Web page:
A second Uhuru-affiliated candidate is running for St. Petersburg City Council this year. Activist Anne Hirsch is running for outgoing Council member Steve Kornell’s open District 5 seat.
Hirsch is a nearly 20-year member of the Uhuru Solidarity Movement. It’s a socialist group that seeks reparations for African-American individuals to compensate for years of institutional racism and resulting poor socio-economic status.
Hirsch is running under the platform “unity through reparations.”
A midwife by trade, Hirsch became affiliated with the group in 2000 after being inspired by its leaders, Omali Yeshitela. Hirsch writes in her campaign bio she was “deeply inspired by his vision of a city whose agenda prioritized a positive public policy of economic development and reparations for the black community, as opposed to the failed, negative policies of police containment.”
Hirsch is coordinating her campaign with Eritha “Akile” Cainion, a 22-year old member of the Uhuru group running for District 7. Both districts include South St. Pete.
District 5 includes the Skyway Marina District, Greater Pinellas Point, the Pink Streets and Bahama Shores, but it’s also home to some less affluent areas along 4th and 9th Streets north of 54th Avenue South.
Hirsch is running to stop what she calls “the ravages of gentrification and big development that are pushing black families out of their traditional homes.”
Cainion’s campaign is similar, though she’s running on a much more inflammatory campaign slogan: “Make the Southside Black Again,” a nod to President Donald Trump’s “Make America Great Again.”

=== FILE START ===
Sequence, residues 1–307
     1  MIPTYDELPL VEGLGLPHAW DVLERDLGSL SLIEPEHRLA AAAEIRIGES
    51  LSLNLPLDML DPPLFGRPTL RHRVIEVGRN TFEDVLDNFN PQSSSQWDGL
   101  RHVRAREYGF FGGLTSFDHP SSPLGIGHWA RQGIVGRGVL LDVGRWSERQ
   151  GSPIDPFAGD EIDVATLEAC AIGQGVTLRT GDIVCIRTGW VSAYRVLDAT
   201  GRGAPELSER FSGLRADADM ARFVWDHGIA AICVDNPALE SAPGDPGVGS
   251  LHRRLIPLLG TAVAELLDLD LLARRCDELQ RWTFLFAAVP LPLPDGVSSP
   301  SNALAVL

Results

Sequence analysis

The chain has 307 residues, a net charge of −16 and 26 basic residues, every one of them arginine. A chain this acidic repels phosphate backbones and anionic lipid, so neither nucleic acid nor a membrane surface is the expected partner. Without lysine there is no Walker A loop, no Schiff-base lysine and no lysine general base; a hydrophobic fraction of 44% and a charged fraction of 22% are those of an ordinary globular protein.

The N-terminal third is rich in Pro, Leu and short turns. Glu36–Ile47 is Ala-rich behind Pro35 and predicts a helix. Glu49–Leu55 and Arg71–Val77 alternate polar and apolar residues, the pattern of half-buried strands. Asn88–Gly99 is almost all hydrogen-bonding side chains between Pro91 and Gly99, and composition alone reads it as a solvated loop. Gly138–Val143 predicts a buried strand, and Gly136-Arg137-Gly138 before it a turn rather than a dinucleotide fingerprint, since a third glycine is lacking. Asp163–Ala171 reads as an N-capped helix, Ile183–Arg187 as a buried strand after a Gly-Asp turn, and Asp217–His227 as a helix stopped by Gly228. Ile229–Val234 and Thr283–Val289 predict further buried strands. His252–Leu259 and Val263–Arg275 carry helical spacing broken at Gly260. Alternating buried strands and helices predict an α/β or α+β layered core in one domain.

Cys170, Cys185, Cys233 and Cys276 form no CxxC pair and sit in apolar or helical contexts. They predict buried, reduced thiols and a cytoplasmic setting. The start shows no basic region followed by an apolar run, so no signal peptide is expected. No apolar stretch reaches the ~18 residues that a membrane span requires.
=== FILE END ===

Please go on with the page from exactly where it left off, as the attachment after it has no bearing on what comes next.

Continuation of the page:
Like Hirsch, Cainion wants to ensure the cultural significance of the areas in her district, which is south of downtown in some of the city’s poorest neighborhoods, is upheld.
The Uhuru group opposes what they describe as “police occupation of black neighborhoods.” They frequently protest police brutality.
This is Cainion’s second bid for City Council District 6 two years ago. Gina Driscoll won that race replacing Karl Nurse who was term limited out of office.
Cainion overwhelming lost that race in 2017, but her candidacy, along with mayoral candidate Jesse Nevel, made international news as the two disrupted City Council and mayoral forums with impassioned pleas for equality in oppressed communities, which at times included inflammatory remarks against incumbents and other candidates. One altercation in particular went viral. In that case, mayoral candidate Paul Congemi told other candidates to “go back to Africa,” infuriating the African-American community.
Hirsch so far faces four other candidates including Deborah Figgs-Sanders, Trenia Cox, Beth Connor and Anthony Cates III. Cainion will take on popular incumbent Lisa Wheeler-Bowman who won her seat in 2015 against Will Newton whose brother previously represented the district.